Another Bullshit Night in Suck City

ISBN: 0393329402
ISBN 13: 9780393329407
By: Nick Flynn

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About this book

"A stunningly beautiful new memoir . . . a near-perfect work of literature." —Stephen Elliot, San Francisco Chronicle Nick Flynn met his father when he was working as a caseworker in a homeless shelter in Boston. As a teenager he'd received letters from this stranger father, a self-proclaimed poet and con man doing time in federal prison for bank robbery. Another Bullshit Night in Suck City tells the story of the trajectory that led Nick and his father onto the streets, into that shelter, and finally to each other. .

Reader's Thoughts

Imogen

Nick Flynn is a poet, and I don't really read poetry. I don't have a criticism of poetry as a whole, obviously- I mean, I might say I do, but if I did that would just be to be provocative and a pain in your ass- it's just hard for me to pay attention in the way you have to pay attention, and to really understand what a poem is doing. We could argue about it, but trust me, it's my problem and it's not resolving. So it was really hard for me to get into this book. Nick Flyyn is a poet, and he writes like a poet, choosing the perfect word for what he's saying in a way that doesn't mind tripping up your internal sentence- or paragraph-diagrammer. In a way, in fact, that trips those fuckers up constantly. Right? A way that makes you think about the way he's saying the things he's saying, as well as the things. But by the end I had gotten into it: the Boston, the snow, the despair, the complicated relationship with the semi-delusional father. I mean, it's barely a memoir of Nick Flynn himself, right? There's at least as much about his father as there is about him. And it's beautiful and smart and heartbreaking, sure, like books are supposed to be; I just had to butt heads with it the whole time I was reading it.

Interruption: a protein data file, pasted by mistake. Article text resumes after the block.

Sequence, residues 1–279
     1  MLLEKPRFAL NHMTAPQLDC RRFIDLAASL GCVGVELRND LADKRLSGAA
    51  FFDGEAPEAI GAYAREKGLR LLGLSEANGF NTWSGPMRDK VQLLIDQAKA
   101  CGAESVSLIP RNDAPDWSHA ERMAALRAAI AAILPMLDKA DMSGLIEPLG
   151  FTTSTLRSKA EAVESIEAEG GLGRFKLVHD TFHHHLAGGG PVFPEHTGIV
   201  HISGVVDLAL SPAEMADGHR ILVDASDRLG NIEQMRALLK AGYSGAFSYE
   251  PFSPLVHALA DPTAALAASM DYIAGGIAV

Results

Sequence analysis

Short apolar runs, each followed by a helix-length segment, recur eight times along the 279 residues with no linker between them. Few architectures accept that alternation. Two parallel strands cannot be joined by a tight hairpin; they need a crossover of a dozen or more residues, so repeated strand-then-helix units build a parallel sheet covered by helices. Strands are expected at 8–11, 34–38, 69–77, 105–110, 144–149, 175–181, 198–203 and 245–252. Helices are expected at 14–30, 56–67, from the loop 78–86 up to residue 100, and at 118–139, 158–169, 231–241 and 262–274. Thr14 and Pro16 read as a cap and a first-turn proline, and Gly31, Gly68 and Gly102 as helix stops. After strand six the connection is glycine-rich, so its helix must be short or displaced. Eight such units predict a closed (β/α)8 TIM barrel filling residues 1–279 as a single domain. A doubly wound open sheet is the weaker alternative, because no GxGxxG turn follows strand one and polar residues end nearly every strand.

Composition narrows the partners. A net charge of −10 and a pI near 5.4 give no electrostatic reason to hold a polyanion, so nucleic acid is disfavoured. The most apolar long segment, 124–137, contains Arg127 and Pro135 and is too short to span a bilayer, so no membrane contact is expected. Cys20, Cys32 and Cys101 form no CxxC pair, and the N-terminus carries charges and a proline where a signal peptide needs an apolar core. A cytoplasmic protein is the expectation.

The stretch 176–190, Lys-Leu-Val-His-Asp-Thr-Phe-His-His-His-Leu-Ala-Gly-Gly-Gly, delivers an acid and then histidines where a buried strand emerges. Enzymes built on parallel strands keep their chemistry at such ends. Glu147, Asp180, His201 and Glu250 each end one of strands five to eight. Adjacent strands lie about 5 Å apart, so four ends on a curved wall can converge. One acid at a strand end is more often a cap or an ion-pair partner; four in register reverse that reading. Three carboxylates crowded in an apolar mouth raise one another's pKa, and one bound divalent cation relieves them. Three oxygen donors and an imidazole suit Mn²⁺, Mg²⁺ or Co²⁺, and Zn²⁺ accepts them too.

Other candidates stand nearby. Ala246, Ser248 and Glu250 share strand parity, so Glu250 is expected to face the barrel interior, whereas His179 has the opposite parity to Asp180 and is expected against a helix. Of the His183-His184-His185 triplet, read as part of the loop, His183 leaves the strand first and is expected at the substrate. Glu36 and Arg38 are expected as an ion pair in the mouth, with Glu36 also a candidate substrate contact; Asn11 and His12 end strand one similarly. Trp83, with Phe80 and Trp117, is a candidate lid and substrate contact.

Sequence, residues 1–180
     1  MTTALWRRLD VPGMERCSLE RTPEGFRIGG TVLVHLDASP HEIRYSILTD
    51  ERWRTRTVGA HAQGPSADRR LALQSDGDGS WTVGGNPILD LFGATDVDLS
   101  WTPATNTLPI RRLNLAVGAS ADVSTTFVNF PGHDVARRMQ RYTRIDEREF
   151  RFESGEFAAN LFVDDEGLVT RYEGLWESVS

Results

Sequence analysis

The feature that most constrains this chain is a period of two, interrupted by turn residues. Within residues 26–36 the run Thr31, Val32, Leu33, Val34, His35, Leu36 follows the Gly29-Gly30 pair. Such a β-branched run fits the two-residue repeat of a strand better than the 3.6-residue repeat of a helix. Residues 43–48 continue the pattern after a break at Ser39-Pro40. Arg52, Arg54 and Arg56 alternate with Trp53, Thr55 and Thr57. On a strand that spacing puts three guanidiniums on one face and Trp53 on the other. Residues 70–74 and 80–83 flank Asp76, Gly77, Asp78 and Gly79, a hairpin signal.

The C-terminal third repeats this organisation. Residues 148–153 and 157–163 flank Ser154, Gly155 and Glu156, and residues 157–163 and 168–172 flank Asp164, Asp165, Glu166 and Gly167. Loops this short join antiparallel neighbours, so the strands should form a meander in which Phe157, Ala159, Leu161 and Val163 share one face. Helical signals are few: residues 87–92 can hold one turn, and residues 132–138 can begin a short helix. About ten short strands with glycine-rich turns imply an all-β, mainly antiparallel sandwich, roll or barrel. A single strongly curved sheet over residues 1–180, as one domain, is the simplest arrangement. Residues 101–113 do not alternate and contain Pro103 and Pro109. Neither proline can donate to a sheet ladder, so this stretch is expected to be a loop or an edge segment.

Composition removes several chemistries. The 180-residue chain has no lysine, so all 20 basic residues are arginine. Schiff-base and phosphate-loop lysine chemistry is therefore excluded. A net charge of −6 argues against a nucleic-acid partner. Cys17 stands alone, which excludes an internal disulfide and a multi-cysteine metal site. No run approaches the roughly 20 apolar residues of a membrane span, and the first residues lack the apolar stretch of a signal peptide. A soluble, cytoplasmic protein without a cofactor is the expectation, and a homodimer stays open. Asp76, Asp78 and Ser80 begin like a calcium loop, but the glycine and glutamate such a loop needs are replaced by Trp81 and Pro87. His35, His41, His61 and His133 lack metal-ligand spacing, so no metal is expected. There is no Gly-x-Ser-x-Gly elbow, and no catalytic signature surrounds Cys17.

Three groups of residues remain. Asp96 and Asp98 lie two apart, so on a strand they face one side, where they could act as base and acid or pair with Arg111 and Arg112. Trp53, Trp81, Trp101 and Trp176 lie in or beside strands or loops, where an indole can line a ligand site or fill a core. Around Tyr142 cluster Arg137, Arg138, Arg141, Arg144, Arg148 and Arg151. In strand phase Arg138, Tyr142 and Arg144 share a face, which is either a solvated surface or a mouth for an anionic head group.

Theresa